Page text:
The Art of Using What’s Around Us
By Agriculture Program & Master Gardener Coordinator Patty Catalano
If you’ve ever run into a patch of teasel plants, you won’t soon forget it. Teasel or (dipsacus sativus) is a wicked-looking plant that is green and covered in spines all summer long. When fall comes, their spines and flower heads dry out and resemble a medieval mace; not exactly something you’d want to get too close to, but looks can be deceiving.
Teasel flower heads can be used to de-pill your sweater (gloves recommended) and card wool (the process of combing out hanks of wool into portions that are easy to spin on a spinning wheel) if you’re a fiber enthusiast like me.
What other every-day plants have unusual uses that you could be missing out on?
In the 17th century, the early colonists brought the humble dandelion from their homeland. Dandelions seem out of place no matter what. We pay the kids to remove them from the lawn, we sneeze as millions of their seed-heads explode in early summer. We don’t want them, but the leaves of this delicious weed (harvest in spring and fall and only from yards that aren’t sprayed with chemicals) when sautéed in oil, butter or a little bacon fat, are very nutritious and add important vitamins and minerals to your diet.
Jerusalem artichokes look like a tall, aggressive weed when you see them in patches with their bright yellow daisy-like flowers this time of year. But under the ground where these towering 6-foot-and-taller plants grow are delicious tubers that taste like artichokes and have a creamy, potato-like consistency. The tuber of this North American native is also valued by diabetics for its low glycemic index and can be eaten raw, boiled, fried or baked.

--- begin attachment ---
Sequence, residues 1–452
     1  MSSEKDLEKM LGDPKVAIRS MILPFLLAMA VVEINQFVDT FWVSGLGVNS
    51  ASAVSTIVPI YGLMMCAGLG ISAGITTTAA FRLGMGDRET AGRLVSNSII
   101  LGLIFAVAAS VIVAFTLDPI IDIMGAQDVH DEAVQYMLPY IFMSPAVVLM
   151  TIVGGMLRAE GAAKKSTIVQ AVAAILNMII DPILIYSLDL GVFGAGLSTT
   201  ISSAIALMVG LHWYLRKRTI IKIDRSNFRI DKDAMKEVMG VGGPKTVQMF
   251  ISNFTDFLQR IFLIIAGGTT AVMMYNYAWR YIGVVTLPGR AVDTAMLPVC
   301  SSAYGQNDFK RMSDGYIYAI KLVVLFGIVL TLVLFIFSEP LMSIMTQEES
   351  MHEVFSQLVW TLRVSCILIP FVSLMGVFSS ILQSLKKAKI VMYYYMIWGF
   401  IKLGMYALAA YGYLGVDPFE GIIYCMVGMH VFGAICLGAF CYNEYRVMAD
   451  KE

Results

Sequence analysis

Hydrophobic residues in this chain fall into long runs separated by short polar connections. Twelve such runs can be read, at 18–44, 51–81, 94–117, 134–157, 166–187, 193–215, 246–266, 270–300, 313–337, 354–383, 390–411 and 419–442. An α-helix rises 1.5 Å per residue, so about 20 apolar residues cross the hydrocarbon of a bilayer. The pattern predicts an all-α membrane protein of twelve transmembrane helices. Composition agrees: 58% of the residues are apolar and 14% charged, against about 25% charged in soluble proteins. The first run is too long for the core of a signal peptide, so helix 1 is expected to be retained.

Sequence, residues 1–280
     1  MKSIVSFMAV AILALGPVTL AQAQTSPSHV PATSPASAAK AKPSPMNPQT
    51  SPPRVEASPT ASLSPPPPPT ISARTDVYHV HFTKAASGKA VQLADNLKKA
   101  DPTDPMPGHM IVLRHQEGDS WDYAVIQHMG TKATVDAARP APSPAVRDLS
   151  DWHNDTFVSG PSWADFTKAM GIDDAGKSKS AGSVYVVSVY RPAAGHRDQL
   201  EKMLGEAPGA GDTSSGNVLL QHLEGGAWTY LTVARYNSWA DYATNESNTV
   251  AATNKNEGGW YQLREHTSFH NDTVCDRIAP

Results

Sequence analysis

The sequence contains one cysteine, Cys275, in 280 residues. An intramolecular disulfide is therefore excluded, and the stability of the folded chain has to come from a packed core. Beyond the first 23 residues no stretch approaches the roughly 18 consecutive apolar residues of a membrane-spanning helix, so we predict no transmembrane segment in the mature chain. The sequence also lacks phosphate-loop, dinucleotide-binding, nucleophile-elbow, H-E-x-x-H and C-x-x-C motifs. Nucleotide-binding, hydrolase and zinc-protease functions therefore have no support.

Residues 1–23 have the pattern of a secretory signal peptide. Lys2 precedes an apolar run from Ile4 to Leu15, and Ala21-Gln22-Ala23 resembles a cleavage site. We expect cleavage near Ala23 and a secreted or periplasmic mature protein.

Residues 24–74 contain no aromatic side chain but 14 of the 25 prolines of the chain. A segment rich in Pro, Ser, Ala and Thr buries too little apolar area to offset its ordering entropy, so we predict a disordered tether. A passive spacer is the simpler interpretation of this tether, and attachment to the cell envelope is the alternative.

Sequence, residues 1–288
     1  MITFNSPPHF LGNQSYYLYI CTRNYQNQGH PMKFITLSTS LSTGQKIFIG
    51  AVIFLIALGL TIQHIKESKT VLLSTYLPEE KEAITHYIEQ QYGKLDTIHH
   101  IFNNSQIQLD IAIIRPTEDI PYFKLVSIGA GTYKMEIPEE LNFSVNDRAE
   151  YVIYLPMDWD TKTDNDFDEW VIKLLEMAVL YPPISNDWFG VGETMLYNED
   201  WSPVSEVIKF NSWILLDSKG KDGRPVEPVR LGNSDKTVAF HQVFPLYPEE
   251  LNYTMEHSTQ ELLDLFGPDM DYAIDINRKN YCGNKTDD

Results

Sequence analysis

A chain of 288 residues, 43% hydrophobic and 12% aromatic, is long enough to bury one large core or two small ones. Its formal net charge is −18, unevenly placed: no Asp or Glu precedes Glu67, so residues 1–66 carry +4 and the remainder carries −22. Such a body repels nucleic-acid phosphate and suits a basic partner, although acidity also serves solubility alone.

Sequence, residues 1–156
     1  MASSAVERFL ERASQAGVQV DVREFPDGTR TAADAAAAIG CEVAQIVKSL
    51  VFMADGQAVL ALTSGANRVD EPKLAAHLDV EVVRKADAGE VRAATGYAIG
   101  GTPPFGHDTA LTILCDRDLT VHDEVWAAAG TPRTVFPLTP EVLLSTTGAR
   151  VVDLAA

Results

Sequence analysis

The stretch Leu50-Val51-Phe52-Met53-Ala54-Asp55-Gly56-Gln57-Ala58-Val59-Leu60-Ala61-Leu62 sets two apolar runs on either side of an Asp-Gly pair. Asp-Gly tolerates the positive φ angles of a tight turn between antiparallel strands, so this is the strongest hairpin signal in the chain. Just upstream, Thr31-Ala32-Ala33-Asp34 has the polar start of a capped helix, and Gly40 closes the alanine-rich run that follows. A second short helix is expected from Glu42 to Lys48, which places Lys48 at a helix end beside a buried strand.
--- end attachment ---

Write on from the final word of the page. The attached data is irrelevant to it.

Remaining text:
As a bonus, they typically grow very shallowly and are easy to harvest.
One of my favorite stories about our farm is how during the first couple of years, we battled a non-native weed called lambs quarters or wild spinach. It popped up everywhere in the spring and had us pulling our hair out trying to get rid of it. We knew it was edible, but we were so familiar with our angst and trying to fight it that we didn’t think of our other options. Then one year, I started sautéing it up with other fresh veggies. It was a lot less delicate than spinach and had a similar but richer green flavor. I experimented more and found that we liked it better than regular spinach. We have since stopped growing regular spinach, stopped viewing lambs quarters as an enemy and started eating it regularly and even canning it when there’s enough, which is most years.
Plants are also used for dyes (goldenrod gives a beautiful yellow) and medicine (the story of how aspirin came from willow plants) as well as the aforementioned foods. Challenge yourself to think differently about those things which surround you and you never know where it might lead.
Remember: Whenever considering edible plants, always get a positive identification from a professional. Contact Patty Catalano at 607-384-3001 ext. 108 for any plant ID questions.
For more information about gardening in Madison County, visit madisoncountycce.org/gardening or consider becoming a master gardener volunteer. Trainings will begin January 2022 with a sliding fee scale. For more information, contact coordinator Patty Catalano at firstname.lastname@example.org or 315.684.3001 ext. 108.
Cornell Cooperative Extension is an employer and educator recognized for valuing AA/EEO, protected veterans and individuals with disabilities and provides equal program and employment opportunities.
Columbia University’s Introduced Species Summary Project (Taraxacum officinale): bit.ly/3jKbLKD
The aspirin story – from willow to wonder drug by Desborough and Keeling: bit.ly/3jGGgRR